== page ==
Proxies and Capturing Authentication Credentials

As the administrator of any internet facing network knows, there are certain essentials in allowing your clients access to the internet.  Most networks employ a proxy server to help mitigate this risk, but simply installing a proxy and leaving it be is actually going to cause more problems than it solves.  For example one essential step you should take is to filter out the users authentication credentials before any packets are forwarded to their origin server.  The issues with this should be obvious, at any point a malicious server could capture those authentication credentials and gain access to your network.

dedicated proxies

This is the same reason that users should never be allowed access to untrusted proxy servers. Any proxy server has the same capabilities – i.e to intercept usernames and passwords.  The real issue with untrusted servers is that although you can filter out some authentication credentials for example those needed to pass a firewall or external router, any credentials needed for the destination server must be forwarded.  So if the user is accessing internet banking obviously their credentials need to be forwarded to  the banking site otherwise they wouldn’t be able to log on.  A malicious proxy server could intercept these and store them for exploitation or sale at a future date.

Generally there is little you can do about this, other than advise your users not to use any untrusted proxy servers.  There are legitmate reasons for needing to use a proxy though, especially for accessing content or sites blocked by your physical location.  Many people across the world use proxies to bypass barriers or censorship, just look at this site for one example –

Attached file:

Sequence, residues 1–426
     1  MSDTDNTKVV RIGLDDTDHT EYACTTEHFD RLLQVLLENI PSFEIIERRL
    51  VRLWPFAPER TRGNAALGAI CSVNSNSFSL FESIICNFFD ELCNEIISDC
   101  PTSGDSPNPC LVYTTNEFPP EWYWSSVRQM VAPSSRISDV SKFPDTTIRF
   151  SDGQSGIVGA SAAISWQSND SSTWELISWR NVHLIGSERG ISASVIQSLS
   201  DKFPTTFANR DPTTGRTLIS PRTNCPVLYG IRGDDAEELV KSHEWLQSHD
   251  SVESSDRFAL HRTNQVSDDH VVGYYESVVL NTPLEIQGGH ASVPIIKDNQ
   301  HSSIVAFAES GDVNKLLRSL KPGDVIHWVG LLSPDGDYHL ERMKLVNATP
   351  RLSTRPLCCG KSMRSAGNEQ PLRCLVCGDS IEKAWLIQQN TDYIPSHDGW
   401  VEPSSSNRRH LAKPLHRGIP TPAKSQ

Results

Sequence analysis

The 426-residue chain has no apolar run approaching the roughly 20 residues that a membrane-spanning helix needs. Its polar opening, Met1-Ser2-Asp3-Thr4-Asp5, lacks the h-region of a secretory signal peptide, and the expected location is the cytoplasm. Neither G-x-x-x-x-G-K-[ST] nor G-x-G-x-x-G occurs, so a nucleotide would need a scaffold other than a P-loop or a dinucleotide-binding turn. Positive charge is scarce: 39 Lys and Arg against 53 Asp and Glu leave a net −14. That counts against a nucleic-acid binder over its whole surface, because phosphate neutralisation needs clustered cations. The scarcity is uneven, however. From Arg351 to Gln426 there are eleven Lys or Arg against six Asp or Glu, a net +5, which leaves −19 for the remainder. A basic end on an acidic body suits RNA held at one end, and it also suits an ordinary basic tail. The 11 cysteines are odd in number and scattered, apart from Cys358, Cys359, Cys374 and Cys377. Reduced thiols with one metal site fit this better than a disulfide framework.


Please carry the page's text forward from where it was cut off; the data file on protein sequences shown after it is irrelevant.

For instance a user may need to access a US proxy server in order to access their US banking site or another geo-restricted site.  If needed they should use a paid resource from a reputable company – for instance read this post on US proxy servers.  This at least means the users are no putting their own data at risk and of course the overall network they are using.

All proxies that are used either externally or internally should be protected by SSL and be able to handle forwarding this sort of information.  Although using this encryption doesn’t completely protect your data, it does make man-in-the-middle attacks much more difficult (but not impossible). In many instances there is no ideal choice, and often you’ll need to transmit usernames and account details over unsecured links.  The reality is that security is very much an afterthought in the distributed model of the world wide web, in many situations insecure communication is sadly the standard, all you can do is to minimise the risks at your end.